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Alternate Histories by Matthew Buccholz

My high school history class wouldn’t have been nearly so dull had Pittsburgh artist Matthew Buchholz been teaching it. After all, few but Buchholz can recall the tale of Rosie, the East River sea monster who claimed the life of New York architect Rohn Roebling in the making of the Brooklyn Bridge;  or the grossly misunderstood story of the Boston Tea Party, when citizens, exhausted from daily harassment by a great, scaly dragon known as “Beast,” determined that the bitterness of the tea leaves would drive the great creature from their harbors. Fortunately, these lost legends and more are on display in Buccholz’ Etsy shop, Alternate Histories, where he peddles old-timey engravings of historical sites and scenes “improved” by the rampaging monsters, evil serpents and grizzly ghouls plaguing his imagination.

Brilliantly, Buccholz doesn’t limit his creativity to the confines of real historical events. For example, one of the artist’s more hilarious prints, “The 1932 Zombie Killing Games in Los Angeles,” was fashioned from nothing more than an old map and a few collage cut-outs. While the print itself would make an amusing addition to my living room wall, Buccholz’s punchlines often come from the elaborately-crafted descriptions. Case in point: “After the success of the 1932 Olympics, the city was eager to make use of their newly built stadiums and housing, and to reap more tourist and investment dollars. At the same time, a virulent strain of Living Undead Infections (or “Zombies”) affected the entire Valley area, from Santa Monica to Whittier.” According to Buchholz, the mayor proposed the Zombie Killing Games as a media-friendly solution.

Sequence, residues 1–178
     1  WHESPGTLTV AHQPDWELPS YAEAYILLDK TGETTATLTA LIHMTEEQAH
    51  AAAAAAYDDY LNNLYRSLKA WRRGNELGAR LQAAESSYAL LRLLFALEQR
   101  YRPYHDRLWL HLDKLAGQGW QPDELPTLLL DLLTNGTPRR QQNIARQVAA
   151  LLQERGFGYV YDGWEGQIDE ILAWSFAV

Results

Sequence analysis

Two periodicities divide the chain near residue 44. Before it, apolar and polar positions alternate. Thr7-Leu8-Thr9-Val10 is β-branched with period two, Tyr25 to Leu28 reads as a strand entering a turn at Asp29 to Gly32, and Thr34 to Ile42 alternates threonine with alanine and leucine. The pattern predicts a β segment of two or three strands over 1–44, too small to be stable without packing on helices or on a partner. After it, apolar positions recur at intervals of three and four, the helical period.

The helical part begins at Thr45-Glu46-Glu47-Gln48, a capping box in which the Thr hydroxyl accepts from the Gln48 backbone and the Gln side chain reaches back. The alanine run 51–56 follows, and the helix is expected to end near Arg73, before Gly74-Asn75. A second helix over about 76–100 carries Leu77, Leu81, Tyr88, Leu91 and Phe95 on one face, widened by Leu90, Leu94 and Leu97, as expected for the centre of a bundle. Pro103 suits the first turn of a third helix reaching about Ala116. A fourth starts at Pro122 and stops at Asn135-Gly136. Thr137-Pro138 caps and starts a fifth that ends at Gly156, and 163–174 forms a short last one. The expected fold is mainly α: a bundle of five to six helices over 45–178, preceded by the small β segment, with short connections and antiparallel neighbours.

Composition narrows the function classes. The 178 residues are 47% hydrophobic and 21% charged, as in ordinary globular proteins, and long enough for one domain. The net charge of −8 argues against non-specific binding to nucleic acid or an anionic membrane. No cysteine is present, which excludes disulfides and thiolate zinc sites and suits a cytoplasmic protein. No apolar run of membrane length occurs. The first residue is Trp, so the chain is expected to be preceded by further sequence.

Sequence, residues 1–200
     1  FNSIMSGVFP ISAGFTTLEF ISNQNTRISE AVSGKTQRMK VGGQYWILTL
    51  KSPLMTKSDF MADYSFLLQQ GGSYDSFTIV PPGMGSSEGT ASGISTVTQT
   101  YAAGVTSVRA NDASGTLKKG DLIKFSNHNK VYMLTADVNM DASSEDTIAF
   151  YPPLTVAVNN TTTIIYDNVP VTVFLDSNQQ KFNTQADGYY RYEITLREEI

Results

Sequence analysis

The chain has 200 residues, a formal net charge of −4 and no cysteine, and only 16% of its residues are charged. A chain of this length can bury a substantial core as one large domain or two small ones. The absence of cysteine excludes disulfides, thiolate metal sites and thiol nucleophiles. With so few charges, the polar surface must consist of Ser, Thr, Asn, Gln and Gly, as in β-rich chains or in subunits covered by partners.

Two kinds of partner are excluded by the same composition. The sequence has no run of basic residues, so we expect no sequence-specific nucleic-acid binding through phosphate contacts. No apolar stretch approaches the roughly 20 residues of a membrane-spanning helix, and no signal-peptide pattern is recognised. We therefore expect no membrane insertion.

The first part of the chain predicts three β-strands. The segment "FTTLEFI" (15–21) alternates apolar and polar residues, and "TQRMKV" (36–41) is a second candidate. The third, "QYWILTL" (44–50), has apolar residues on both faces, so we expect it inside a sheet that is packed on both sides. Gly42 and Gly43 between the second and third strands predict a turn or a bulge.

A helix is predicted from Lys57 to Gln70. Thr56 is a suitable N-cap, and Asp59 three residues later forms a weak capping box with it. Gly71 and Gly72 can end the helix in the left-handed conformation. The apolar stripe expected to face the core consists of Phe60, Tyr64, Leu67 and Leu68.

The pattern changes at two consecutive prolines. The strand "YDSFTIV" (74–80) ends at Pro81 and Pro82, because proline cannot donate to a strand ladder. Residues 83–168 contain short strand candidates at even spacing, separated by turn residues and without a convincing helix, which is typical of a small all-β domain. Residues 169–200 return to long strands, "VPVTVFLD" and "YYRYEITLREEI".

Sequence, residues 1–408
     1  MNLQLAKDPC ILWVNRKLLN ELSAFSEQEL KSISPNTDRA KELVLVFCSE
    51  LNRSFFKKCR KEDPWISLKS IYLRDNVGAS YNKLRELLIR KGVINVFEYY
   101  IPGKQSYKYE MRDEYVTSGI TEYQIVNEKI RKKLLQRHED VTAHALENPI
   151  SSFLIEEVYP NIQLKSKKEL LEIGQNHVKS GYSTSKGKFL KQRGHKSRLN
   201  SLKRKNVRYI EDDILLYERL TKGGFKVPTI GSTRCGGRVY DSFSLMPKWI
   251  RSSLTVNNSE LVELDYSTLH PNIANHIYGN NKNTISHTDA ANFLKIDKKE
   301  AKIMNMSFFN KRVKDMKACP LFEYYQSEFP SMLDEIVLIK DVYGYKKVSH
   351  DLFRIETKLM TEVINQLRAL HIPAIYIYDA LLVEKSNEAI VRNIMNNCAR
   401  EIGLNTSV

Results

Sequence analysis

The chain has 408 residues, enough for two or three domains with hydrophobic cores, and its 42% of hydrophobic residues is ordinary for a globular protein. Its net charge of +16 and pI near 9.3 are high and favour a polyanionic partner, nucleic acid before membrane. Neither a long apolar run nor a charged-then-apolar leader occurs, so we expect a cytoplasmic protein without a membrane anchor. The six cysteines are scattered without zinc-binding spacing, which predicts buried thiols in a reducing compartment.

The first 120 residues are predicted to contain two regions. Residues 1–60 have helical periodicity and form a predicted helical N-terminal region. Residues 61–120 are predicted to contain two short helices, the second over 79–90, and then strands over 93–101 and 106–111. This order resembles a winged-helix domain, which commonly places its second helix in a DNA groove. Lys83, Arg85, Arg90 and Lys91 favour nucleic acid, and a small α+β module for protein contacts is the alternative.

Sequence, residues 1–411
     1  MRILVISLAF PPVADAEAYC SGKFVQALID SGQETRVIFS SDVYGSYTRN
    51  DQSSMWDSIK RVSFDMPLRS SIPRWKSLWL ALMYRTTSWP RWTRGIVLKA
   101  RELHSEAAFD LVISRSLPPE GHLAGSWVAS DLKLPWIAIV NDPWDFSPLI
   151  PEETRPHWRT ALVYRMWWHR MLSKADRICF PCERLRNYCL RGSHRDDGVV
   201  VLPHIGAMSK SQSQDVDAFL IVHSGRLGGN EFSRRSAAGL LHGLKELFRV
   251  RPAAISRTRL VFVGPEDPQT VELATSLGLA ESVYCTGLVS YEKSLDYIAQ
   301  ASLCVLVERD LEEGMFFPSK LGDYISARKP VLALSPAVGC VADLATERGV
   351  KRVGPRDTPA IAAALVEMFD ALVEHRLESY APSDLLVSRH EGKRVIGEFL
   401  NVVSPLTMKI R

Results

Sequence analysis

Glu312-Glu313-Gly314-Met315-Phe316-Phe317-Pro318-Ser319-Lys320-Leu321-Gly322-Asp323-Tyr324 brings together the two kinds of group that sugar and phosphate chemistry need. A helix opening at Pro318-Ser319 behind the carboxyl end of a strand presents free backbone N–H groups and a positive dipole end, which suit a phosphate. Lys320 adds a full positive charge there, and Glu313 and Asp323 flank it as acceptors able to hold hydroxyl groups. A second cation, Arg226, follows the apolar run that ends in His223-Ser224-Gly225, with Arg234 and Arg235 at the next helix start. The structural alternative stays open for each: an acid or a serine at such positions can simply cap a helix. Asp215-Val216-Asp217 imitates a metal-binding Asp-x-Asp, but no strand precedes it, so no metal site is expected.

Perhaps a new print is in order this week, maybe depicting a Great Sea Creature – Irene, let’s call her – yawning in the middle of the Atlantic, inadvertently creating tremendous winds and an even bigger media clusterfuck as she exhaled and lazily sank back to the depths.